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- American golfer
- English association footballer and coach (born 1941)
A day after Golf Digest published an exclusive interview with Tiger Woods about his future, the 15-time major champion addressed the media for the first time since his single-car accident in February on Tuesday morning.
Woods spoke to reporters live from his Hero World Challenge event in the Bahamas and began by praising his TGR Foundation, which recently celebrated a 25th birthday. He also addressed his most-recent recovery and how it compared to that of his 10 other surgeries.
“This one’s been much more difficult,” said Woods. “It’s hard to explain how difficult it’s been to be immobile for 8 months. I was just looking forward to getting outside, that was a goal of mine, especially for a person who’s spent his whole life outside.”
Here are some of the highlights from Woods’ first post-accident press conference.
Timeline for his return
Woods didn’t give an exact timeline for his return to competition, but he did say this:
“As far as playing at the Tour level, I don’t know when that’s gonna happen. I’ll play a round here and there, a little hit-and-giggle, I can do something like that.”
Golfweek reported last week that the PNC Championship would be holding a spot for Woods and his son, Charlie.
“To see some of my shots fall out of the sky a lot shorter than they used to is a little eye-opening, but at least I’m able to do it again,” continued Woods. “That’s something that for a while there didn’t look like I was going to. I’m able to participate in the sport of golf, now, to what level? I do not know.”
Tiger Woods and son Charlie Woods fist-bump after a birdie on the ninth hole during the first round of the PNC Championship at the Ritz Carlton Golf Club on December 19, 2020 in Orlando, Florida. (Photo by Mike Ehrmann/Getty Images)
One sentence that stood out
“The clock’s ticking, I’m not getting any younger.”
Rarely does someone with 15 major championships and 82 PGA Tour wins recognize his own mortality, but I guess coming face-to-face with losing a limb in a single-car accident can do that to a man. Woods once again mentioned “Mr. Hogan” and his approach to picking tournaments strategically, and if we know anything about the Cat, it’s that he won’t play unless he thinks he can win.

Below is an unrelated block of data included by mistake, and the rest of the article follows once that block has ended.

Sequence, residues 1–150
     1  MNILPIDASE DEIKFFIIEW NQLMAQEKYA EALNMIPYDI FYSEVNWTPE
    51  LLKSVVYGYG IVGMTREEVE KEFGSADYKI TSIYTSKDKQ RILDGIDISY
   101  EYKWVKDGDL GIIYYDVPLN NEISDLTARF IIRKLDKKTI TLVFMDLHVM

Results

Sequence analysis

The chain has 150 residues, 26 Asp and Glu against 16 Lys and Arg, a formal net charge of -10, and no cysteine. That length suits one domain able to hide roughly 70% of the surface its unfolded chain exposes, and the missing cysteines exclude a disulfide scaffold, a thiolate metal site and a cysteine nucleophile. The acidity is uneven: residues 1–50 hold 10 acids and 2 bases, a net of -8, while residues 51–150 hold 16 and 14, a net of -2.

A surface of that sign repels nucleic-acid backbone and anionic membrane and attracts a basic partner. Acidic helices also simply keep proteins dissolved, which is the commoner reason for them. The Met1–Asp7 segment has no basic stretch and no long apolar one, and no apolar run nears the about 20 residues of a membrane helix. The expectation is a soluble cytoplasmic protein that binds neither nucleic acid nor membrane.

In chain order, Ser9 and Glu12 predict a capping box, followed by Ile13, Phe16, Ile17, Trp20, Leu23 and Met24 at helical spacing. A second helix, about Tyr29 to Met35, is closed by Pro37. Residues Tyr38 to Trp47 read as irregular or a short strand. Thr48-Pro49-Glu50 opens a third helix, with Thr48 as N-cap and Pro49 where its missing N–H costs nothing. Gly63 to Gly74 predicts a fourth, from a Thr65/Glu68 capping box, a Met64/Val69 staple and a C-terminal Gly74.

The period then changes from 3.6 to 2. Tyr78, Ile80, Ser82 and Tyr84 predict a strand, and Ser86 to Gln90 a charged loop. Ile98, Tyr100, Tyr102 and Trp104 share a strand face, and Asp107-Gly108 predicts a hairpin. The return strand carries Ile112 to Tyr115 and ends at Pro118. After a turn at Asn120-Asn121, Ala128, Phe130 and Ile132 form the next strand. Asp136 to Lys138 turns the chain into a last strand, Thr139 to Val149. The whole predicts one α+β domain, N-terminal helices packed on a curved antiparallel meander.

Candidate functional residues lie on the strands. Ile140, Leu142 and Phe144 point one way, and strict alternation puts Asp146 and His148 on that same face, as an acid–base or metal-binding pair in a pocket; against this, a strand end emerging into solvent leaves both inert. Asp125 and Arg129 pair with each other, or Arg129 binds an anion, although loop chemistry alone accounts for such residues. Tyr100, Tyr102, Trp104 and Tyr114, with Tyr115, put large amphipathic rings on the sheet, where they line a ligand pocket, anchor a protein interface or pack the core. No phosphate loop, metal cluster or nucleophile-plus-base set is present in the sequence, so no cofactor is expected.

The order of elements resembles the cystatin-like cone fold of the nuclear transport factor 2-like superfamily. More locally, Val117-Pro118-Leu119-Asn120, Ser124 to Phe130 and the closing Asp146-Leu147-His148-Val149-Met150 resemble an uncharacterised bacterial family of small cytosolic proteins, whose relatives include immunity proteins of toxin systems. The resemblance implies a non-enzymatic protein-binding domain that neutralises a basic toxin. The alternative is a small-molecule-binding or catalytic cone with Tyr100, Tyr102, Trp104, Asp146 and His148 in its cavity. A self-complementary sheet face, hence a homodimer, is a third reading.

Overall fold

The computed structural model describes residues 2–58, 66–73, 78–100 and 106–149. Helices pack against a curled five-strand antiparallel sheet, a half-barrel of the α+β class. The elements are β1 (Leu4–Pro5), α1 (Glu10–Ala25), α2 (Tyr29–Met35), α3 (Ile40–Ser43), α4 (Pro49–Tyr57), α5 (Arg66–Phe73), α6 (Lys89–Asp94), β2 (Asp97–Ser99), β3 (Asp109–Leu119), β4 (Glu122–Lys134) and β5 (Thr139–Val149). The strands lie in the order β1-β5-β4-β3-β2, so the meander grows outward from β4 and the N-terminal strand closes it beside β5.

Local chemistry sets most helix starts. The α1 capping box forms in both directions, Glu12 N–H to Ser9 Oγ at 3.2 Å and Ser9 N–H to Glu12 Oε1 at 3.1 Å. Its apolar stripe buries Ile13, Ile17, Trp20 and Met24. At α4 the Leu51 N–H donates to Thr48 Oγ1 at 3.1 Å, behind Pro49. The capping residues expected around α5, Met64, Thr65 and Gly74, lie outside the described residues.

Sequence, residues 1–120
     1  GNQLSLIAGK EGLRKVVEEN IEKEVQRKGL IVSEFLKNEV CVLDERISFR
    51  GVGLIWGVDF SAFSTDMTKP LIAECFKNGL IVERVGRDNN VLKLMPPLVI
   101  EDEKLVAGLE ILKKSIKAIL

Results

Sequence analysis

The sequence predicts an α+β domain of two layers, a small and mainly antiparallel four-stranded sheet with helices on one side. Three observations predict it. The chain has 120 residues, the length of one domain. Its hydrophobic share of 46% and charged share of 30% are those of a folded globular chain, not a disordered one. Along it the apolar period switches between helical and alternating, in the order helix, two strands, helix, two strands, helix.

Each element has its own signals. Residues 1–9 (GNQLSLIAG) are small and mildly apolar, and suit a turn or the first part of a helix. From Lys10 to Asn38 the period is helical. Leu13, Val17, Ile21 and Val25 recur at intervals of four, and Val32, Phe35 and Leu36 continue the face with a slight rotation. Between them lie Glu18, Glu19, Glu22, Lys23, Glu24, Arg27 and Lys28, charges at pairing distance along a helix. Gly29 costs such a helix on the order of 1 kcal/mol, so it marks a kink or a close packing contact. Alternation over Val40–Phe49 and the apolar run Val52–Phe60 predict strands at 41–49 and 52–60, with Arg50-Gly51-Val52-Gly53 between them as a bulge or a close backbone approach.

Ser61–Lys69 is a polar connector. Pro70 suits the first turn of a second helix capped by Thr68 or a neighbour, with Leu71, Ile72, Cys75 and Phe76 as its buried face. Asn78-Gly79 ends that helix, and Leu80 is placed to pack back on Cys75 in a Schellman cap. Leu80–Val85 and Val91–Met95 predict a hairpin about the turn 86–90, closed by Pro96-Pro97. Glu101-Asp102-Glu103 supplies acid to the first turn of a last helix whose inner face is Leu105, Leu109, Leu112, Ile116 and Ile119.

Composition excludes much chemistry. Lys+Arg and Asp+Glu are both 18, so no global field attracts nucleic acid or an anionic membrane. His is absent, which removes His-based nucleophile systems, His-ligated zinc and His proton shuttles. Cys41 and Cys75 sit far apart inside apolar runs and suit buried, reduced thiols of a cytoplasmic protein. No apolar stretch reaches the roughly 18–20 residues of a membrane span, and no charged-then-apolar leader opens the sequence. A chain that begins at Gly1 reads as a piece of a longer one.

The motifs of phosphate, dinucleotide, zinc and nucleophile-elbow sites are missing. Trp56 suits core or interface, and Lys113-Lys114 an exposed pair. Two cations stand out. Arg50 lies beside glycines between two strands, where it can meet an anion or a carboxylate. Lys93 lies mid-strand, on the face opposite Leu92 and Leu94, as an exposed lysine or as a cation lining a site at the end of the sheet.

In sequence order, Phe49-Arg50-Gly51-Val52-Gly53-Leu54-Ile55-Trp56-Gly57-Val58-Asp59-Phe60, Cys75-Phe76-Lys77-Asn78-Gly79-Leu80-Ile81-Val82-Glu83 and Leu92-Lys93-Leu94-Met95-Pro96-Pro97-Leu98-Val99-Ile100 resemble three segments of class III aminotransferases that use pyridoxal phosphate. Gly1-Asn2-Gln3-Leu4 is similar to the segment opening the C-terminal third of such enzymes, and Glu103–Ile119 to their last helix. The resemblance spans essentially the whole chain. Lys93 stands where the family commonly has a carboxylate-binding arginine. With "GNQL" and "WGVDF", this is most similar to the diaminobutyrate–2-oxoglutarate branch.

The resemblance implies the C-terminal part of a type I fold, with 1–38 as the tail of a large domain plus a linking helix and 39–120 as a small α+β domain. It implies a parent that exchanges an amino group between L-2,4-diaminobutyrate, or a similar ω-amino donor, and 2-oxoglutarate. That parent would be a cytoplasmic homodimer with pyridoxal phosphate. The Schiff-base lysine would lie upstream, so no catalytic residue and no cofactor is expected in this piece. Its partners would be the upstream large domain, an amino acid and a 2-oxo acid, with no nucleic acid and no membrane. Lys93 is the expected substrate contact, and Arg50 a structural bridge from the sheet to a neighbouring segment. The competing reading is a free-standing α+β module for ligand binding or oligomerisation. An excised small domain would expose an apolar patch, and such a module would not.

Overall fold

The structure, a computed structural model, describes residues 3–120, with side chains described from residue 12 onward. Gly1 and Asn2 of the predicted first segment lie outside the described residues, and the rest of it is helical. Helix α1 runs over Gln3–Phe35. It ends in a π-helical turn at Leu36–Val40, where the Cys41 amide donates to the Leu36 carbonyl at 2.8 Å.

And he knows he can.
'I'll out-chip and putt any of these guys'
Apparently eight months of immobility only fanned Woods’ competitive fire.
“I’ll out-chip and putt any of these guys, but the golf course is longer than just a chip-and-putt course,” he said with a smile. “We’re not gonna be playing the par-3 course at Augusta to win the Masters so I got to get a little bigger game than that. I’ve got a long way to go in my in the rehab process to be able to do something like that.”
That doesn’t mean he’s committed to playing the annual par-3 event at Augusta National, just that he can play courses of that length.
“Now, if the Tour wants to not have golf courses lengthened, they shorten up that much to make it more difficult, that’s fine by me. I have no problem with that. They want to go back to wooden shafts and feathery balls, okay, I’m cool.”
Tiger Woods celebrates with the green jacket and trophy after winning The Masters at Augusta National Golf Club. (Photo: Michael Madrid-USA TODAY Sports)
'(Amputation) was on the table'
Woods didn’t shy away from how serious his leg injury really was during Tuesday’s press conference.
“I’m lucky to be alive and to still have the limb. I’m very grateful that someone upstairs was taking care of me…(amputation) was on the table.”
A crane is used to lift a vehicle following a rollover accident involving golfer Tiger Woods, Tuesday, Feb. 23, 2021, in the Rancho Palos Verdes suburb of Los Angeles. (Ringo H.W. Chiu/AP)
Shoots down rival golf leagues
PGA Tour commissioner Jay Monahan watched this press conference with a big smile on his face. He saw one of the greatest players of all time say he wanted to compete once again, and that it wouldn’t be on a rival golf tour.
"It's going to be his decision. I've decided for myself, and I'm supporting the @PGATOUR. That's where my legacy is … I have an allegiance to the PGA Tour."
— Tiger Woods on what he'd tell a player considering leaving for a Saudi-backed series.
— Golfweek (@golfweek) November 30, 2021
“I understand that some of the comparisons are similar to when Arnold and Jack broke off from the PGA of America to start the Tour. I don’t see it that way,” he continued. “I think the Tour has done a fantastic job, Jay’s done an unbelievable job in a very difficult time. During the pandemic, there was ample opportunity for players to leave. We were the first sporting tour to start, so with that, yes, did we have some protocol issues at times? Yes, we learned on the fly. But Jay and the staff have done an incredible job of that. I think the Tour is in great hands, they’re doing fantastic and prize money is going up, it’s just not guaranteed money like most sports are. It’s just like tennis, you’ve got to go out there and earn it.”